The Ransomware Attack on Epiq Global has New Details
Ransomware Hits Against Epiq Attacks Web & Managed Services
Ryuk ransomware attacked the web services and discovery firm last week, causing it to have its systems taken offline. Ryuk is well-known for its destructive crypto-ransomware that encrypts victims’ files and blocks access until they pay the ransom.
Ryuk attackers will demand that the victim agrees to the demands.
On March 2, a legal reporter reported that Epiq had taken their systems offline due to Ryuk ransomware having encrypted their devices. Epiq’s legal clients couldn’t access their files or documents through their eDiscovery platforms. These files were critical for court cases and other deadlines.
Epiq released a statement saying that they had taken their systems offline to stop the threat from getting worse.
“On February 29, we discovered unauthorized activity on the systems. This was confirmed to be a ransomware-related attack. We immediately shut down our global systems to stop the threat. To investigate further, we partnered with an independent forensic firm.
Our technical team works closely with third-party experts of world-class quality to resolve this issue and get our systems back online as soon as possible.
Federal law enforcement agencies have been also informed and are participating in the investigation.
The company’s top priority is to protect client and employee data. We have no evidence that any data has been unauthorized transferred, misused, or exfiltrated.
Later that day, reports revealed that all 80 Epiq global offices and computers were affected.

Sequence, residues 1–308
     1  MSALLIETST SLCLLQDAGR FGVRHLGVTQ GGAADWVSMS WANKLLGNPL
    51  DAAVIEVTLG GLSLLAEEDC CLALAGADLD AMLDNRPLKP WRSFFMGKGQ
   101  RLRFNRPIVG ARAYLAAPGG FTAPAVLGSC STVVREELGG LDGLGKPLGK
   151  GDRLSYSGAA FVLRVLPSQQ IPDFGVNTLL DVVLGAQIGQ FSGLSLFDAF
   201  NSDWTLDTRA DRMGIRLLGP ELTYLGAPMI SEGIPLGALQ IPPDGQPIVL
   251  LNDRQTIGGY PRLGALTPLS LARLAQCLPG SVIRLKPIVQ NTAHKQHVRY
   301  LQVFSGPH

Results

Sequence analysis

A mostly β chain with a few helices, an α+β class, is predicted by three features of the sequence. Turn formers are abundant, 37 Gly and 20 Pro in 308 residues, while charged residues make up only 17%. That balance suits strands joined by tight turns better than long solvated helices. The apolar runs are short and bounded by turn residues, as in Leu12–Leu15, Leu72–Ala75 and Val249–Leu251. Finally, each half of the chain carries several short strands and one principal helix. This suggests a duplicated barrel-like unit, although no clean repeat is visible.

How Ryuk Invaded Epiq
TrickBot malware infected an Epiq computer at the end of December last year. TrickBot Trojan can be downloaded from the Internet via an Emotet email.
TrickBot malware steals passwords and cookies from victim computers and then infiltrates the network laterally, gaining more data as it goes. TrickBot then can open up access to the attackers by using a reverse shell. The Ryuk operators can then gain access to infected computers. They can spy on the network and perform activities like continuing to steal administrator credentials. They then use PowerShell Empire and PSExec, to install ransomware on the network devices.
Epiq was hacked by bad actors who distributed Ryuk ransomware via Epiq’s network Saturday, February 29, 2020. The ransomware began the process of encrypting files and data on the affected computers. A ransom note, RyukReadMe.html is created during encryption and placed in each folder. Each encrypted file is given a.RYK extension.
Some Habits of Ryuk Threat Actors
Ryuk is a ransomware that has been in existence since August 2018, but it has gained a growing reputation for being a dangerous and terrifying threat since Christmas 2018. Ryuk has been around since August 2018, but it’s gaining a growing fearsome reputation since Christmas 2018.
Ryuk is known for targeting large enterprises and seeking ransom money. Malwarebytes says Ryuk’s attackers are known to seek ransoms in the range of $97-$320K. We wrote In 2019, The Year of Rising Ransomware Ryuk Wields Its Own Unique Nastiness in December 2019. This type of campaign is often rolled out in stages. We described it as the case with this particular one. They want to obtain user credentials that will allow them to access the network and then view the asset landscape. The next steps usually involve spying once inside the network and data encryption, and finally the ransom demand and extortion.